Journal of Signal and Information Processing, 2013, 4, 173-175
doi:10.4236/jsip.2013.43B031 Published Online August 2013 (
An Overview of Principal Component Analysis
Sasan Karamizadeh1, Shahidan M. Abdullah1, Azizah A. Manaf1, Mazdak Zamani1,
Alireza Hooman2
1Advanced Informatics School(AIS), Universiti Teknologi Malayisa, Kuala Lumpur, Malaysia; 2Faculty of Management (FOM),
Multimedia University (MMU), Cyberjaya, Malaysia.
Received May, 2013.
The principal component analysis (PCA) is a kind of algorithms in biometrics. It is a statistics technical and used or-
thogonal transformation to convert a set of observations of possibly correlated variables into a set of values of linearly
uncorrelated variables. PCA also is a tool to reduce multidimensional data to lower dimensions while retaining most of
the information. It covers standard deviation, covariance, and eigenvectors. This background knowledge is meant to
make the PCA section very straightforward, but can be skipped if the concepts are already familiar.
Keywords: Biometric; PCA; Eigenvector; Covariance; Standard Deviation
1. Introduction
Biometrics is derived from Greek .words “bio” meaning
life and metrics meaning the term biometrics is derived
from the Greek words bio meaning “life” and metrics
meaning “to measure” [1]. Biometrics refers to the iden-
tification or verification of a person based on his/her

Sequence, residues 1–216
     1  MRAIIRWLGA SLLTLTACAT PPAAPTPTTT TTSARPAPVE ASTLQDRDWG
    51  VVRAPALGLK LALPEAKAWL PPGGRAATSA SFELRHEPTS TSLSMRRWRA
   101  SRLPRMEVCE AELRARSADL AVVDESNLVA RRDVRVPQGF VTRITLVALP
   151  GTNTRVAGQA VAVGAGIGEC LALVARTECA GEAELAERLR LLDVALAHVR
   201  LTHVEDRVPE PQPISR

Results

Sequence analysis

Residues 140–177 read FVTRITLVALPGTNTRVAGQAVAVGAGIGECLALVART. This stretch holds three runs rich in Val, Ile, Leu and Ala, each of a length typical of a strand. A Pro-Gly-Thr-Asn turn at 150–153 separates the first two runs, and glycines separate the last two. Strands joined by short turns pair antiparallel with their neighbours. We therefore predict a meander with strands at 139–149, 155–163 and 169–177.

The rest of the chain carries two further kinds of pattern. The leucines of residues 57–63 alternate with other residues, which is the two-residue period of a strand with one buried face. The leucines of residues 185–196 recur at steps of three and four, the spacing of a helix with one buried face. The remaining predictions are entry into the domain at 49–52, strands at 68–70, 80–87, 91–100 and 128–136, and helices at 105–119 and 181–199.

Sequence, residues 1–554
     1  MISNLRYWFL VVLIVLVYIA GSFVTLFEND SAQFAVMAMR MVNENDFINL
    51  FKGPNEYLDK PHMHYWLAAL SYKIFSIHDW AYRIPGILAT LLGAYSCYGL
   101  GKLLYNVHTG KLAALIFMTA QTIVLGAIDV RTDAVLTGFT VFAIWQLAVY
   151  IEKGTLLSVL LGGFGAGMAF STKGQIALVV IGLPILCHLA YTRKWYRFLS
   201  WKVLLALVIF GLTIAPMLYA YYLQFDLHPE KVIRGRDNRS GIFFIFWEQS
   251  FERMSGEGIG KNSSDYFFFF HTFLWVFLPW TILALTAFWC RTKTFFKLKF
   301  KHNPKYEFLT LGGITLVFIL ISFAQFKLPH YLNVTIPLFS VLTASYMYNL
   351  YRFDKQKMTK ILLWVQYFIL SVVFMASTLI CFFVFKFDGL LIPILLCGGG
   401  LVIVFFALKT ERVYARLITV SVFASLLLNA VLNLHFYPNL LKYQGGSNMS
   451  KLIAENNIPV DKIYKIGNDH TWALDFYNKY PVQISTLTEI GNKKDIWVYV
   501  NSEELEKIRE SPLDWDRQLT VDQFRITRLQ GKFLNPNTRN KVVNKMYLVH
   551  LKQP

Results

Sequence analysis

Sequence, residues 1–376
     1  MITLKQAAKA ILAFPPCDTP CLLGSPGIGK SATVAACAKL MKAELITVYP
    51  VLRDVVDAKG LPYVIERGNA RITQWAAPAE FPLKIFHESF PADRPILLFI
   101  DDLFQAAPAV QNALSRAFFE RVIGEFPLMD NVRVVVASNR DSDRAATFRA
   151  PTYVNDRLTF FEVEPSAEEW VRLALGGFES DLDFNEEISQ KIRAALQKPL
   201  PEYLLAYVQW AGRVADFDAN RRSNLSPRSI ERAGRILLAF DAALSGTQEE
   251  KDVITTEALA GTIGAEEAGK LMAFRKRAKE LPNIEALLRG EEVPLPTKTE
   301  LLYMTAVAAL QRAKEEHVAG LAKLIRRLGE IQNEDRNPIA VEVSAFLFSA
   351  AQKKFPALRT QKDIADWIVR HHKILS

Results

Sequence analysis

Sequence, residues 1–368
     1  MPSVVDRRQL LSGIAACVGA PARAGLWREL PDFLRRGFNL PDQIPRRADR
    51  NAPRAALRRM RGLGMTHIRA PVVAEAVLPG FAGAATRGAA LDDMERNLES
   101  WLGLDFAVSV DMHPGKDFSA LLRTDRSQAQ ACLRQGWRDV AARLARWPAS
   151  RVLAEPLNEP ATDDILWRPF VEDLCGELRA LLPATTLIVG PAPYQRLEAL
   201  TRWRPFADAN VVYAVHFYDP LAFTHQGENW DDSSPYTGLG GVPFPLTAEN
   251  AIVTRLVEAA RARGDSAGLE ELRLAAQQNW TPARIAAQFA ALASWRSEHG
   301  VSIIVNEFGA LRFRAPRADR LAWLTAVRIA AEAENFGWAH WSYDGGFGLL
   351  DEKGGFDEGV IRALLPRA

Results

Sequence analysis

physiological and/or behavioral characteristics [2]. Sev-
eral verification and identification based biometrics have
evolved based on various unique aspects of human body,
ease of acquiring the biometric, public acceptance and
the degree of security required [3].
Principal component analysis (PCA), also known as
Karhunen-Loeve expansion, is a classical feature extrac-
tion and data representation technique widely used in the
areas of pattern recognition and computer vision such as
face recognition [4]. The strategy of the Eigenfaces
method consists of extracting the characteristic features
on the face and representing the face in question as a
linear combination of the so called ‘eigenfaces’ obtained
from the feature extraction process [5]. The principal
components of the faces in the training set are calculated.
Recognition is achieved using the projection of the face
into the space formed by the eigenfaces [6]. A compari-
son on the basis of the Euclidian distance of the eigen-
vectors of the eigenfaces and the eigenface of the image
under question is made [7]. If this distance is small
enough, the person is identified [8]. On the other hand, if
the distance is too large, the image is regarded as one that
belongs to an individual for which the system has to be
trained [9]. Principal component analysis is a statistics
technical [10]. PCA used for reduce dimension vector to
better recognize images [11]. PCA is a useful statistical
technique that has found application in fields such as face
recognition and image compression, and is a common
technique for finding patterns in data of high dimension
[12]. Before getting to a description of PCA, this tutorial
first introduces mathematical concepts that will be used
in PCA. It covers standard deviation, covariance, and
eigenvectors [13]. This background knowledge is meant
to make the PCA section very straightforward, but can be
skipped if the concepts are already familiar [10, 14]. The
basis of the eigenfaces method is the Principal Compo-
nent Analysis (PCA). Eigenfaces and PCA have been
used by Sirovich and Kirby to represent the face images
efficiently [15, 16].
2. PCA Algorithm
Following are steps involve;